My passion died when I was salt, Alice-deep in tears. It was only young but it was warped, grown to the shape of its secret box, its tender bits rubbed to leather. It was wipe-clean and it frequented bars, drank pink drinks through straws and flashed its stocking-tops. It brought me out in a rash but it was hungry and it was strong. Then its batteries went flat and its sequins fell off one by one and clogged the hoover for weeks and it died runtish, bald and exposed. Oh it was cheap and oh it did not fit and it bit and it chafed but it was mine, I made it from things I found in bushes and oh I miss it so.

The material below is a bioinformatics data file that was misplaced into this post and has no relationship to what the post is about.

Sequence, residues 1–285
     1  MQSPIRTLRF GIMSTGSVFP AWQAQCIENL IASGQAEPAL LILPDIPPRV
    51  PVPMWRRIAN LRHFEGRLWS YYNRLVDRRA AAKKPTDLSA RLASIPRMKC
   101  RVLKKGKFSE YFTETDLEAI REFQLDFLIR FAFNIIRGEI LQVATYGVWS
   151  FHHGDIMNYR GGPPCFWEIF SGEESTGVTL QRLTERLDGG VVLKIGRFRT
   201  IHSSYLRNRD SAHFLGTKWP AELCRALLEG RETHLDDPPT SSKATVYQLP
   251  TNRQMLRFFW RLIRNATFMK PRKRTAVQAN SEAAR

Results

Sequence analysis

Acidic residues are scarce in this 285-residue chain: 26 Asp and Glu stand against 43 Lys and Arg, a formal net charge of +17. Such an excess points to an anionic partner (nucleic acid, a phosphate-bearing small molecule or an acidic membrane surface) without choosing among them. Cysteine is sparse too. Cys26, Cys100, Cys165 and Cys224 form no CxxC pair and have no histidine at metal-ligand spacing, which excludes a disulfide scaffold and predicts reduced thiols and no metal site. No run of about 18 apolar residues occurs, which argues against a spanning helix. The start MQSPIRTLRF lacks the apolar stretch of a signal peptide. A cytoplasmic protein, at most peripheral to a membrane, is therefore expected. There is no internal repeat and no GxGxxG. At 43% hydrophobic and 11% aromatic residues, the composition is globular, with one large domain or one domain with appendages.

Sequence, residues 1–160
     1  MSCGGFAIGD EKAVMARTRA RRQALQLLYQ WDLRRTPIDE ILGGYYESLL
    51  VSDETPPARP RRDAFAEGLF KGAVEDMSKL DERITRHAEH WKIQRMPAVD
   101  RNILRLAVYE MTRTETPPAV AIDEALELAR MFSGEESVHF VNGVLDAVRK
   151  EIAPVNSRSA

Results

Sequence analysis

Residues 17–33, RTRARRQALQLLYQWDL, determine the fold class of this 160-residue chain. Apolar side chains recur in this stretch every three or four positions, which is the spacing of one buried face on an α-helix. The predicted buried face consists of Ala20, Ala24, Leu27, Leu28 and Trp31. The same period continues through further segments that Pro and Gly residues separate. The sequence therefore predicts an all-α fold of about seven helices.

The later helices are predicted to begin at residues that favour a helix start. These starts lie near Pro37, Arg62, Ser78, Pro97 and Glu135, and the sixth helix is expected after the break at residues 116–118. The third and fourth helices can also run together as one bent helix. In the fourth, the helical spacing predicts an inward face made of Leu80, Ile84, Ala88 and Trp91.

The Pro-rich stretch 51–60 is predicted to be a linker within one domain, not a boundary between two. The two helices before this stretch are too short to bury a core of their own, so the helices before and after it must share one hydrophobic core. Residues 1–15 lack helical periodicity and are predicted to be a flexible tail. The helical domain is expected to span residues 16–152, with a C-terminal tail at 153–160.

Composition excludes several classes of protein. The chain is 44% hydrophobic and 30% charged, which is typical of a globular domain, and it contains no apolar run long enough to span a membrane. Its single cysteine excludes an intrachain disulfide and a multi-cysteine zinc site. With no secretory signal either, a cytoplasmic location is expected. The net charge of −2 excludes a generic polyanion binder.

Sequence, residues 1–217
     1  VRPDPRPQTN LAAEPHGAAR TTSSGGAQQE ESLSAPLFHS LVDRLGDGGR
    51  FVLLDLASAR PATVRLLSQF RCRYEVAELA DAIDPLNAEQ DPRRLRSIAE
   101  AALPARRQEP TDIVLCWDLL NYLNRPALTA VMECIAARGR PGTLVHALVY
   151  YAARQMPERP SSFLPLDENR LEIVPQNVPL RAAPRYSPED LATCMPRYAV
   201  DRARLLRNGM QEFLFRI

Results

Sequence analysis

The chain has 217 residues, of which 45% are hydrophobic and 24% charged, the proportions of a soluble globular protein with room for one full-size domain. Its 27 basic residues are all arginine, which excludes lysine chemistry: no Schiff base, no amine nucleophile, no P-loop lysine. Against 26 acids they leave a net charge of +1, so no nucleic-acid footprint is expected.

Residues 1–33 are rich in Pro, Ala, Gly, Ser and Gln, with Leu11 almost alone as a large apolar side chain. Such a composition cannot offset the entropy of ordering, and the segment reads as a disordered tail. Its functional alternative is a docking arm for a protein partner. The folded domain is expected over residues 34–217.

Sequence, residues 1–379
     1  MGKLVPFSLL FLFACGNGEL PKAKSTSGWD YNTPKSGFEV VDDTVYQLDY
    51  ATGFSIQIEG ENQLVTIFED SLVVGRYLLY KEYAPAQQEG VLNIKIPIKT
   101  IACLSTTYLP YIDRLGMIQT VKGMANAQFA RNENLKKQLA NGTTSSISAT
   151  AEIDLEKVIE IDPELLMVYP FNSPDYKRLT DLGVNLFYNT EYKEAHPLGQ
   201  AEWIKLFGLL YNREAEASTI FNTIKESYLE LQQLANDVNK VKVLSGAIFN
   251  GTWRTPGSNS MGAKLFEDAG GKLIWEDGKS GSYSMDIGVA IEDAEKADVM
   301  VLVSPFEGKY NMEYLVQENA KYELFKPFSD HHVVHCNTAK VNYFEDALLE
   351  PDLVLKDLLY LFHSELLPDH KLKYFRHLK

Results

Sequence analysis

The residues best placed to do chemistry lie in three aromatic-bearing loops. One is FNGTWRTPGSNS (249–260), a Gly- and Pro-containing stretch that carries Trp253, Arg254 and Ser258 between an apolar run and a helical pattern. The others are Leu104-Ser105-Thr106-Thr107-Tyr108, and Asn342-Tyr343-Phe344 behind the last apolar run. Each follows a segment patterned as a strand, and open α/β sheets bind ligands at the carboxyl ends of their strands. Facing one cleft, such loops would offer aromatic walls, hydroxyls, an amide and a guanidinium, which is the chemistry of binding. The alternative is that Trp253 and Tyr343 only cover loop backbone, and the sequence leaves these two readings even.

Now I need to grow a new one, well-fitting as fur, moulded to shape like witches’ wax. I need the taste again, the marzipan toad squatted melting on my tongue, the waves of brine and honey. I’ll have to bury clams at midnight outside the adult bookshop, eat nothing but popping candy and bathe in condensed milk. And then somewhere in the oubliettes inside, a poppet will stir, open its mouth and make a sound like herons.